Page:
Do Not Track Bill Hopes To Let Consumers Just Say No To Online Tracking
[h2]Do Not Track Bill Hopes To Let Consumers Just Say No To Online Tracking[/h2]
Just about anywhere you go online, at least some of your actions are being tracked. Sometimes, it’s as simple and innocuous as measuring unique visits to a website. Other times, it’s more invasive — keeping track of the pages you browse to provide you more targeted advertising. A newly introduced piece of federal legislation aims to give consumers more choices about when their browsing behavior is being tracked.
Today, Sens. Richard Blumenthal (CT) and Ed Markey (MA) are introducing the Do Not Track Online Act of 2015 [PDF], which would direct the Federal Trade Commission to create new regulations “regarding the collection and use of personal information obtained by tracking the online activity of an individual.”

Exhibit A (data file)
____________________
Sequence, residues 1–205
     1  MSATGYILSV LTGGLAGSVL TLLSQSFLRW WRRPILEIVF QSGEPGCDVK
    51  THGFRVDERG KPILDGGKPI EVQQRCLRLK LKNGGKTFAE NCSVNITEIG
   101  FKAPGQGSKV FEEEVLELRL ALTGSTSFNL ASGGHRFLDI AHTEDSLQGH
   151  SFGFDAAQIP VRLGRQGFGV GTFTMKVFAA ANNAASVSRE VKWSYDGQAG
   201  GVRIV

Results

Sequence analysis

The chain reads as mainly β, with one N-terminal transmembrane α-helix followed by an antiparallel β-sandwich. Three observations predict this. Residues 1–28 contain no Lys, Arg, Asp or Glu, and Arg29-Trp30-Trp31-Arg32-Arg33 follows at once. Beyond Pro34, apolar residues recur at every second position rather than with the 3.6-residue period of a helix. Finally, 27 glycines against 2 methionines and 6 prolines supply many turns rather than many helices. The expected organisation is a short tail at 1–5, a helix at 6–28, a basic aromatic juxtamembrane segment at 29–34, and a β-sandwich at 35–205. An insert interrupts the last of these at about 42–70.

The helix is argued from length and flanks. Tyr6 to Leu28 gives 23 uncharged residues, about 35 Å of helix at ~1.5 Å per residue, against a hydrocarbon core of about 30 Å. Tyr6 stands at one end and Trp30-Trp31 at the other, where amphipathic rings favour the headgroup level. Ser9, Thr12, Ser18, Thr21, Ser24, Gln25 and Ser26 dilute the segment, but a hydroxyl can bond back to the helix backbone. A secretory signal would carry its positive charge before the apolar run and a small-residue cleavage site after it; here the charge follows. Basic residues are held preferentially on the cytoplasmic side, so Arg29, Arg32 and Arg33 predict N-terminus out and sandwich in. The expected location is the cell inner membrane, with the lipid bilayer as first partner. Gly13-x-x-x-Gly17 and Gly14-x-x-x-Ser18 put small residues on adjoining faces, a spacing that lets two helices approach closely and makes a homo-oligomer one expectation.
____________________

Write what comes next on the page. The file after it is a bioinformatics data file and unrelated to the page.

If the bill passes, the FTC would have a year to establish standards for implementing a simple and easy-to-use Do Not Track mechanism for consumers to indicate that their personal information should not be collected while surfing the web. The FTC would also create a rule prohibiting providers from collecting the personal information of individuals who have used the Do Not Track mechanism.
The law wouldn’t ban the collection of all data. If the collection is deemed necessary to provide a service requested by the user and the information is anonymized or deleted as soon as that service is provided, it can be collected. Similarly, if the user consents to the data collection — so long as the disclosures about the collection are clear — it can continue.
Because tracking is so widespread and so, perhaps inextricably, wrapped up in almost every site you visit, the FTC will been asked to consider a number of factors in crafting reasonable regulations, including, the technical feasibility and costs of implementation and compliance, how to alert consumers to the availability of a Do Not Track mechanism, and whether and how information can be collected anonymously so that it cannot be reasonably linked to a single person or computer.